An additional 54,000 homeowners received permanent loan modifications in February under the government's Home Affordable Modification Program (HAMP), bringing the total to 170,000.

Another 92,000 borrowers were approved by lenders for trial loan modifications under the program, pending final acceptance by the applicants. A total of 1,350,000 homeowners have now been approved for trial loan modifications under the one-year-old program, with 835,000 trial modifications currently underway.

Two-thirds approved in last two months

Approximately two-thirds of all permanent modifications under the program have been approved in the last two months, after the Obama administration stepped up pressure on lenders to finalize decisions on homeowners who have completed their three-month trial loan modification periods.

Nearly 89,000 trial modifications have been canceled, primarily due to homeowners being denied permanent modifications. Another 1,500 permanent modifications have been canceled.

The figures were contained the Treasury Department's monthly report on HAMP, released Friday. The department says the program has reached 34-45 percent of its goal of providing 3-4 million homeowners with trial modifications by 2012. That appears to be a slight retreat from the program's original objectives, which stated its goal as helping 3-4 million homeowners avoid foreclosure through loan modifications, without the trial modification qualifier.

Homeowners accepted into the program must complete a three-month trial loan modification before they can be approved for a permanent modification with the same terms. Homeowners accepted for the program have the terms of their mortgages modified so they are paying no more than 31 percent of their gross monthly income for their mortgage. Approval for permanent modification status extends those terms for five years.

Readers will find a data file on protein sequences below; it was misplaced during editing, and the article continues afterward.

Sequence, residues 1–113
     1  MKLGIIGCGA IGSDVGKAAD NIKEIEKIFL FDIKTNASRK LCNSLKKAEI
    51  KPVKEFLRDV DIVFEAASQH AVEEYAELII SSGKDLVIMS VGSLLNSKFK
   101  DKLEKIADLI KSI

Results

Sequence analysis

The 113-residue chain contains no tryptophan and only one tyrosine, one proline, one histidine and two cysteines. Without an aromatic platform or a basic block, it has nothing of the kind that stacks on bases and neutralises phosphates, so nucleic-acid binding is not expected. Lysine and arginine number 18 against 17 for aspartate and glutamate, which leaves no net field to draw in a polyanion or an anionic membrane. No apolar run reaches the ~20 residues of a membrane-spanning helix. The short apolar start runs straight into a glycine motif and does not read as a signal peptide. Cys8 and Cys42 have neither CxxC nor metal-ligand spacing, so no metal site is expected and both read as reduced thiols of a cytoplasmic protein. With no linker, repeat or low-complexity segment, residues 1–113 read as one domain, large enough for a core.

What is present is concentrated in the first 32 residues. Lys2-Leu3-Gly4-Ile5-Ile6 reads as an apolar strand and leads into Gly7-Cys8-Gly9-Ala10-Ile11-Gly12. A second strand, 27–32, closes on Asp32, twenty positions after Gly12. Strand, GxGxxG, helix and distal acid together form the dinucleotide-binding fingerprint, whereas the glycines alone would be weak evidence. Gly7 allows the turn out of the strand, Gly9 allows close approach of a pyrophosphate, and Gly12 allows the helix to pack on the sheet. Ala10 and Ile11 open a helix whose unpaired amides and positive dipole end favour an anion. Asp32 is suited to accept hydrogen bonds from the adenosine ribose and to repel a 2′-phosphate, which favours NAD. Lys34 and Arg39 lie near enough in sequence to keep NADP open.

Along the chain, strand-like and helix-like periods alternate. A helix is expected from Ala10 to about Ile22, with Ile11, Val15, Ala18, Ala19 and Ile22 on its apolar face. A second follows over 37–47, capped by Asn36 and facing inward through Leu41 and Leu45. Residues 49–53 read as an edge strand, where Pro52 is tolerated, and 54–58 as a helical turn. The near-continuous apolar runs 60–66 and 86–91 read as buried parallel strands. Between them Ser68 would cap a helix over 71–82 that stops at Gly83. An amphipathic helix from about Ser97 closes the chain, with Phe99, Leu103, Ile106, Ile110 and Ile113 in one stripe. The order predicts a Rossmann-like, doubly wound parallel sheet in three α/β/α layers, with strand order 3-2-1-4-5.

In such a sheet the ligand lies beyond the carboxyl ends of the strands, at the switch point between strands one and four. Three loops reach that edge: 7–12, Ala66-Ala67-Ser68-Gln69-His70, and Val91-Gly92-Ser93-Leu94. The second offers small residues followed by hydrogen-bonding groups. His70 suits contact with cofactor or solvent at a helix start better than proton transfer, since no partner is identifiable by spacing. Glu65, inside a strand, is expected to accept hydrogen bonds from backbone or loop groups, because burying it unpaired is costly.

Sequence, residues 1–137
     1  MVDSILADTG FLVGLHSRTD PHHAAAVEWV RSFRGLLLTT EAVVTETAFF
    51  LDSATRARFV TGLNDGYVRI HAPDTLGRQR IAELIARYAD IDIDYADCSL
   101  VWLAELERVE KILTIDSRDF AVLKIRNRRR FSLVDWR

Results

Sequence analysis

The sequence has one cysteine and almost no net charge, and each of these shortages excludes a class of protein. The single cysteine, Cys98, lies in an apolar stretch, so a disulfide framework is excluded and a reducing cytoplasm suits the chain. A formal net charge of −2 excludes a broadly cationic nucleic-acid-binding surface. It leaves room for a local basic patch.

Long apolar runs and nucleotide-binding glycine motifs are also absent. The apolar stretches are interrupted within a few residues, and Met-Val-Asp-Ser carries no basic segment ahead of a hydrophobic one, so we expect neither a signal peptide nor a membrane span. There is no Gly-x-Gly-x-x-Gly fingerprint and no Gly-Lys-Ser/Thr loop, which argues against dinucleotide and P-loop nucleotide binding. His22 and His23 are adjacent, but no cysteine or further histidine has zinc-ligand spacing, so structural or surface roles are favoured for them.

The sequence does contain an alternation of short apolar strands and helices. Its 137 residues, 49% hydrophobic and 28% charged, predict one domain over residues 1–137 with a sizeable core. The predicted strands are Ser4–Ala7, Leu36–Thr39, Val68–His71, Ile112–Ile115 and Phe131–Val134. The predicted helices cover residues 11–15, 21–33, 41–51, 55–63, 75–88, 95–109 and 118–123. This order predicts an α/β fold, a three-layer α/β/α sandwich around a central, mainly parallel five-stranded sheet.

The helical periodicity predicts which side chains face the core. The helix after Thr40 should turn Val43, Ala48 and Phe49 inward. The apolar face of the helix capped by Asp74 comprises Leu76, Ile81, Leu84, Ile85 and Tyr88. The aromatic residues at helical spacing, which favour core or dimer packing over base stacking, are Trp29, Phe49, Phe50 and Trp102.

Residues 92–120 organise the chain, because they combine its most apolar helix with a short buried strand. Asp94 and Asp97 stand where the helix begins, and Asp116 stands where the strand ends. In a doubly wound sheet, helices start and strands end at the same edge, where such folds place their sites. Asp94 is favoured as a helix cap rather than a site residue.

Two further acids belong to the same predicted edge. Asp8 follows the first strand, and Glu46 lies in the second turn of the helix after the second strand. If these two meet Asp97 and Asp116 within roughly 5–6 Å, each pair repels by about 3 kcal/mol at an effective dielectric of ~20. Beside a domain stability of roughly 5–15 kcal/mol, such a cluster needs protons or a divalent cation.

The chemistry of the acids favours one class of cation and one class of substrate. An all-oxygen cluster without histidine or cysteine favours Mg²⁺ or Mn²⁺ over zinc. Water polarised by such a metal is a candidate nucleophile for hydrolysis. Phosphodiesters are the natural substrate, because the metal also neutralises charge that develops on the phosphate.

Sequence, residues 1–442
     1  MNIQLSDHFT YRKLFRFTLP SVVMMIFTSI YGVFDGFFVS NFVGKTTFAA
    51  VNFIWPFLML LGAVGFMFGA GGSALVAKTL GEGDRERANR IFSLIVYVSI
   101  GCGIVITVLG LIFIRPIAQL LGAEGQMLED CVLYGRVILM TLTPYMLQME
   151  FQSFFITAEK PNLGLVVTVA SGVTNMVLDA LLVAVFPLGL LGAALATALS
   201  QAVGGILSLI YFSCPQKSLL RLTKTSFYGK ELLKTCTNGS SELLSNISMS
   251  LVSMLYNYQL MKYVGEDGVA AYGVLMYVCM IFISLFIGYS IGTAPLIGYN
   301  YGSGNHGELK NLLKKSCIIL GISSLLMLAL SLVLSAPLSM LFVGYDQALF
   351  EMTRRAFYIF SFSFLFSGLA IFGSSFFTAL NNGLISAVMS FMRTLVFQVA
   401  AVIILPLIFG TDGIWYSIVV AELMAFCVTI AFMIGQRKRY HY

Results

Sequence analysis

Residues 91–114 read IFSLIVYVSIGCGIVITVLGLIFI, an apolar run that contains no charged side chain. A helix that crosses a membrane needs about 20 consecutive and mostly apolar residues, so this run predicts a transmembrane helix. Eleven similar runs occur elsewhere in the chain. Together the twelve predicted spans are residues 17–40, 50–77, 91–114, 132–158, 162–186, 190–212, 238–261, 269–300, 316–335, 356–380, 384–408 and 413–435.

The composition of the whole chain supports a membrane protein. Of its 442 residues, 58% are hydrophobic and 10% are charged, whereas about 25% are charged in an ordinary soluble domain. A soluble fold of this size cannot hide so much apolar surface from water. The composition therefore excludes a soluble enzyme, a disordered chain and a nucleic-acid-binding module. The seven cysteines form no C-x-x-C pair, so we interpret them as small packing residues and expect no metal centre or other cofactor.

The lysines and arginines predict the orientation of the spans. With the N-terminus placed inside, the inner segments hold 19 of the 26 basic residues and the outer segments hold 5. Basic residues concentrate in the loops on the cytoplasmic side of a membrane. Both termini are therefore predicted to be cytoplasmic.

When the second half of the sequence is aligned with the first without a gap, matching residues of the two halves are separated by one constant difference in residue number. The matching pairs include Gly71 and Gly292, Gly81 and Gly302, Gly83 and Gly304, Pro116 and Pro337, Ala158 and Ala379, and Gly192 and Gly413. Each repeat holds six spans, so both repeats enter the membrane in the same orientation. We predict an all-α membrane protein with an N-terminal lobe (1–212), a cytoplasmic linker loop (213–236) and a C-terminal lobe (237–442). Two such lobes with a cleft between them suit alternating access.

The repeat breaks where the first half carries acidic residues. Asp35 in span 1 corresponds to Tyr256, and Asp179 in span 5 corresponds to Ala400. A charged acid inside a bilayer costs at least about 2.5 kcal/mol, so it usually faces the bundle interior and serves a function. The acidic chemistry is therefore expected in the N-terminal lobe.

Delays still far exceed approvals

The program has been beset with delays since its inception, with homeowners first complaining about delays in being approved for trial modifications and more recently about delays in being approved for permanent status after completing the three-month trial period. Of 697,000 trial modifications under way three months ago (in the November report), 558,000 had not been approved for permanent loan modifications as the February report.

Even though some of those are likely among the 89,000 trial modifications that have been cancelled, that leaves at least 470,000 borrowers who have been in trial medications at least three months without being approved or denied for permanent status, or nearly three times as many as have been approved.

Participation in the government-supported program is voluntary for lenders, who follow federal guidelines in determining eligibility for trial and permanent modifications.

The Treasury Department reports that homeowners approved for trial or permanent modifications are saving an average of $500 a month on their mortgage payments, compared to pre-modification. Separately, the department reported that another 4 million homeowners with mortgage backed by government-supported entities (Fannie Mae, Freddie Mac or Ginnie Mae) have been able to refinance their mortgages owing to low rates and refinancing flexibility, saving an average of $150 a month.

Published on March 15, 2010